28 Jan 2012

Central Bank lending plus a variable rate FTT : A solution for the Greeks

I've been pushing the idea that there is a solution to the Eurocrisis that takes advantage of the fact that the ECB can lend to 'publicly-owned credit institutions', and that such institutions can then lend to governments to pay off the national debt.

The most critical case is Greece, which currently owes €340 billion and is being charged 21.14% interest to borrow money. They can't even get the money to pay the interest on their debts, let alone pay the money off.

But if there was only someone bright enough to use the next ECB open day on the 29th Feburary to borrow the 340 billion, and lend it to the Greeks so that they could pay off their debts, the problem could be solved.

So, let's suppose that the Greeks now effectively owe the ECB 340 billion euros. How could they pay off the money. Well, I really believe that this is where my proposition for an automatically varying FTT would be a great idea.

Suppose that the ECB wants to be paid back over 10 years at around €35 billion a year. Well, the ECB's own figures shows that if you add up all the visible transactions in the Greek economy, you get a total of nearly €12.5 trillion, as shown in the following table.

This means that the €35 billion needed to repay the ECB could be generated with an flat-rate FTT of less than 0.3%! Surely, any Greek citizen would be more than happy to have 0.3% taken off any money paid into his or her bank account and a further 0.3% taken for each payment made?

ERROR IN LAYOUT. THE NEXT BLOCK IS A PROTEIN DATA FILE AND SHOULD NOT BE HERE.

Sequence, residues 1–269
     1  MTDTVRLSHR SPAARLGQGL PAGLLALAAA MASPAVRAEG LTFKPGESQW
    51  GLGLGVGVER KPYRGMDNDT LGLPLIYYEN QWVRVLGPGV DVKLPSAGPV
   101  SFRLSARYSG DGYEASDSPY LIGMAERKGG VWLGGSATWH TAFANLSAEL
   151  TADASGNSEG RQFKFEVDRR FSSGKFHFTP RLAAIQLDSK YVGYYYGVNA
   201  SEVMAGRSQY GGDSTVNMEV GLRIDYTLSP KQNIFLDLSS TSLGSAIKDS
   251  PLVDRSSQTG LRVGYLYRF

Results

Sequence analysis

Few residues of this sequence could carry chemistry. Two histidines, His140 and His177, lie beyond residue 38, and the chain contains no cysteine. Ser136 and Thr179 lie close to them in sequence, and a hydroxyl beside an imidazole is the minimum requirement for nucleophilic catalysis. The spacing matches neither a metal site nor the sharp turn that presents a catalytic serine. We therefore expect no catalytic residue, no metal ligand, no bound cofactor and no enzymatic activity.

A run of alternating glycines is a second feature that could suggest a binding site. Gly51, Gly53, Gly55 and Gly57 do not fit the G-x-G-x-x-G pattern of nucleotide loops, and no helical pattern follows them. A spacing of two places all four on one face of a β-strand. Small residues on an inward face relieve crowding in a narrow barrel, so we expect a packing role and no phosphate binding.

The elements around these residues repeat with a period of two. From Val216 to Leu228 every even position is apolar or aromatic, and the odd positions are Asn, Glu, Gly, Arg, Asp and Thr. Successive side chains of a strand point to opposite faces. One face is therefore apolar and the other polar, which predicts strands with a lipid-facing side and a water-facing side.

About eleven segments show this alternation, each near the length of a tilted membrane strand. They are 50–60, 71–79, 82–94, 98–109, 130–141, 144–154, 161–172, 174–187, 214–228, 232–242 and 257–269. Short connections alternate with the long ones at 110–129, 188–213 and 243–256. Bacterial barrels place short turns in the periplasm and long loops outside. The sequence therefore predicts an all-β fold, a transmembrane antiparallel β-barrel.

Importantly, the rate that would be applied could be varied automatically to ensure that the 35 billion is generated every year.  You would need roughly 3 billion a month. So, if the revenue in the first month was only 2 billion, the rate would be increased to around 0.45% in the following month. But of course, if the revenue was above the 3 billion value, the rate could be decreased.

That way, everyone is contributing - not least the bankers. And if there are people cheating the system, then this will automatically increase the rate for the others. This would make it much less socially acceptable to defraud the government of revenue.

The more I think of it, the more I am convinced that Greece would be the perfect place to try out the idea of the automatically varying FTT. And if they liked it, they could be the first to add a small amount more to get rid of the other taxes that work so badly in Greece. Again, have a look at the tax revenue for Greece in 2010 (figures from the ECB).

Even if we add all the taxes together, they only generated €85 billion in 2010. Thus, for example, if we take the 16 billion that were generated by VAT, it would be possible to replace all of that with an FTT of 0.12%. A similar value could cancel out the €17.5 billion in direct taxes.

In fact, an FTT of less than 1% would allow ALL Greek taxes to be eliminated AND repay all the countries debts over 10 years.

Let's do it. Let's show that using central bank money to break the stranglehood of the banks and using a variable rate fixed rate FTT provide a totally convincing alternative to the current insanity.

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